Thinking Beyond Channels
Poll a room full of individuals on whether they’ve visited a physical bank location in the last month and you’re likely to get only a small show of hands. Yet, a study found that the average customers have 10 digital interactions per month with their main bank. While interactions are happening less frequently at physical locations, banks can still have meaningful interactions with customers if the organization can move beyond thinking in channels. Most businesses are marketing to customers based on rules and decisions designed per channel. However, if the bank’s technologies are disconnected across channels, they lose sight of a customer as soon as the customer moves from one channel to another—say from mobile to laptop. Without a single customer view of the customer journey, it’s impossible to know how to best personalize in context.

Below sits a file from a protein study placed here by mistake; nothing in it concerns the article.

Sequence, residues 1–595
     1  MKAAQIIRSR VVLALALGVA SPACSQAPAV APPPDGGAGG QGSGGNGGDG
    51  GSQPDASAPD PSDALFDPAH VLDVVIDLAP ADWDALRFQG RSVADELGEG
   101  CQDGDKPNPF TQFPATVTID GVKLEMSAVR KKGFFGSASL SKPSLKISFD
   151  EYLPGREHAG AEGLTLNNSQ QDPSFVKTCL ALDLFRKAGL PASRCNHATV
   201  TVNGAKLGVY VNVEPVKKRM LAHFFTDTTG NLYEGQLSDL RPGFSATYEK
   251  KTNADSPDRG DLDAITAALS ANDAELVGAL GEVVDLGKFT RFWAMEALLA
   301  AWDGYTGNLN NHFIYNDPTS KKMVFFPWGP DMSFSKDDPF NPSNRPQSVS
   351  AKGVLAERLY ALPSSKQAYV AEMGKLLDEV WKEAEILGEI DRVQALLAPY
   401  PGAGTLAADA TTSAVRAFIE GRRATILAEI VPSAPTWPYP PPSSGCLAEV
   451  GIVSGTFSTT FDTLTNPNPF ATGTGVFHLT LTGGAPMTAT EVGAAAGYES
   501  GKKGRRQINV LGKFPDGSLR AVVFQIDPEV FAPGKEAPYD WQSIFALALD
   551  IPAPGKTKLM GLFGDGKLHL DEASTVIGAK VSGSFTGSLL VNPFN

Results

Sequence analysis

So, what’s getting in the way? Two things: disconnected data and the lack of automated decision-making from a central source. True personalization considers real-time behavioral data from web browsing sessions, purchases or other expressions of intent both from in-person engagements and interactions via kiosks, email, mobile applications and websites. But it goes well beyond that because to understand each customer’s journey, financial institutions also need to integrate legacy and transactional data locked in silos, such as past orders, as well as “event” data, such as missed payments. By uniting data (behavioral, transactional and historical) into a single view of the customer, the bank can maximize cross-selling by managing the communication stream across multiple channels and become truly customer centric.
As customers become more technologically savvy, banks that evolve to accommodate them will win.